by Richard Wright
Time 100 Novels, Modern Library #20, Guardian 1000 Novels
It's hard for me, a white, middle-class man who group up largely with other white, middle-class people, to understand a character like Bigger Thomas, the protagonist of Richard Wright's Native Son. Bigger lives in a studio apartment with his mother, brother, sister, and, in the opening scene, a rather large rat. His life choices pretty much boil down to a life of petty crime or one of menial labor. Only when Bigger accidentally murders a white girl does a third option present itself.
Native Son is aware of the psychological factors that lead to the creation of Bigger and those like him. An early scene at the pool room highlights Bigger's mental state. To his friends, Bigger looks like a tough, a bully, a loose cannon - but underpinning his outward machismo is fear. He knows he can't back out of the robbery he planned, but he's terrified to go through with it, so he picks a fight with one of his friends to sabotage the plan. He lives in a constant state of fear, but cannot at any time admit that he is afraid. Ultimately, this same fear leads him to commit two murders.
The sociological factors loom even larger than the psychological ones, though. Bigger's fear does not come from nowhere, nor it unique to him. It is constantly reinforced through his interactions with white people, both seen and unseen. He lives in a crowded, overpriced apartment while apartments elsewhere in the city remain vacant, because the real estate moguls will only rent to African-Americans in the "black belt." He robs blacks but knows the penalties will be much more severe for robbing whites. He knows being alone with a white girl is grounds for accusations of rape. Even the kindness shown him by two liberal communists just reinforces the wall between Bigger and the white world:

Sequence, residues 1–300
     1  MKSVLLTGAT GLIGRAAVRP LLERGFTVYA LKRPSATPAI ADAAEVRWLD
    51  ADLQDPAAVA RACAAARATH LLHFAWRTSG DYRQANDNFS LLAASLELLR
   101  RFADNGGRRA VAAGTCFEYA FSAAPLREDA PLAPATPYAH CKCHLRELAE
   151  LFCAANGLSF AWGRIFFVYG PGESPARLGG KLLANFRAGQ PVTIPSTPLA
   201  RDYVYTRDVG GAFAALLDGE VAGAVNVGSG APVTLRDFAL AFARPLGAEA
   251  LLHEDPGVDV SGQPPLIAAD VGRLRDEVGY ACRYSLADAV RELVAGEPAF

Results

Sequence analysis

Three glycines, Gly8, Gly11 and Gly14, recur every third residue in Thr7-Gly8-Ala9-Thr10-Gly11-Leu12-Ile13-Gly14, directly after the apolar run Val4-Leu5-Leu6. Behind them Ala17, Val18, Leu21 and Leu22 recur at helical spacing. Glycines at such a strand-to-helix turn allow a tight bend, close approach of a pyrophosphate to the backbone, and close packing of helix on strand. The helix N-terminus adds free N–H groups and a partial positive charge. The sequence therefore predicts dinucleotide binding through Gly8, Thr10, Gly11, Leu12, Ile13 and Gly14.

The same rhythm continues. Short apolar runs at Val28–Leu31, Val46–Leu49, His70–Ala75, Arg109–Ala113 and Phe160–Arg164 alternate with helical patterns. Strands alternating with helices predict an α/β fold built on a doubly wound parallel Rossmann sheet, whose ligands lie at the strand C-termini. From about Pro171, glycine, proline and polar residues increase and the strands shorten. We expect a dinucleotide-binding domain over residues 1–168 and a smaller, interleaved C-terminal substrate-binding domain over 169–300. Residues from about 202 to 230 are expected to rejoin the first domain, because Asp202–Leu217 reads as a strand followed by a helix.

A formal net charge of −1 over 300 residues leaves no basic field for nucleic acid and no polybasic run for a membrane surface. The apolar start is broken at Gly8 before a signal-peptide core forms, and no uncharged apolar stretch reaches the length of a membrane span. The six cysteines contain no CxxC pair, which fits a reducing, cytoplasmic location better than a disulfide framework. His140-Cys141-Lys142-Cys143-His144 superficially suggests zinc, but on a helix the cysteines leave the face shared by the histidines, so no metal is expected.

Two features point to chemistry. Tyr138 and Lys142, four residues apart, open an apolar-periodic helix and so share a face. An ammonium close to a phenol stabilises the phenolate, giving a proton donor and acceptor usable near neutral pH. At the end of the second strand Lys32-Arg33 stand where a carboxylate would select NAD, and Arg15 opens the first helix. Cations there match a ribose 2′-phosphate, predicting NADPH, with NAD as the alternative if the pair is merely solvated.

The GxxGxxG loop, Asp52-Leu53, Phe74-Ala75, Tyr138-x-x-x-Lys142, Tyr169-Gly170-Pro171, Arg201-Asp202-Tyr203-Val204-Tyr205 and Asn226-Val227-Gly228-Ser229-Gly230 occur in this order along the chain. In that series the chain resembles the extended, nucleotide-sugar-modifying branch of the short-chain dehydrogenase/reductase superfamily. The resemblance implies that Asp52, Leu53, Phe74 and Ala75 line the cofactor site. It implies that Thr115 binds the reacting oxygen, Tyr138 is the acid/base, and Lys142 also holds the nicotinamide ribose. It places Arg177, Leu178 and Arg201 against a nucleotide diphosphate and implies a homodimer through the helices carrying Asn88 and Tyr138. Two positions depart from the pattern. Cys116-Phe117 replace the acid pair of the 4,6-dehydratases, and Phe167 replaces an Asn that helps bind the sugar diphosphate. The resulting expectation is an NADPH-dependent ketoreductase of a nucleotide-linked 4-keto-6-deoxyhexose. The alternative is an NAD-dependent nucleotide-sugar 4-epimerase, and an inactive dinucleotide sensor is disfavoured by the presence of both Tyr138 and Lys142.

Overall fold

[T]hey made him feel his black skin by just standing there looking at him, one holding his hand and the other smiling. He felt he had no physical existence at all right then; he was something he hated, the badge of shame which he knew was attached to a black skin. It was a shadowy region, a No Man's Land, the ground that separated the white world from the black that he stood upon.The sociological factors are summed up in lawyer Boris Max' long, didactic monologue late in the book.
I see a lot of parallels between Native Son and Theodore Dreiser's An American Tragedy. The plots mirror each other, and both Dreiser and Wright are much more concerned about what motivated the crime than the crime itself, and what those motivations say about society in general. It wasn't surprising to learn that Wright was a fan of Dreiser and the school of naturalism. Wright carefully avoids absolving Bigger for his actions, but neither does he hold society blameless. Native Son arguably is as significant a sociological text as it is a literary one.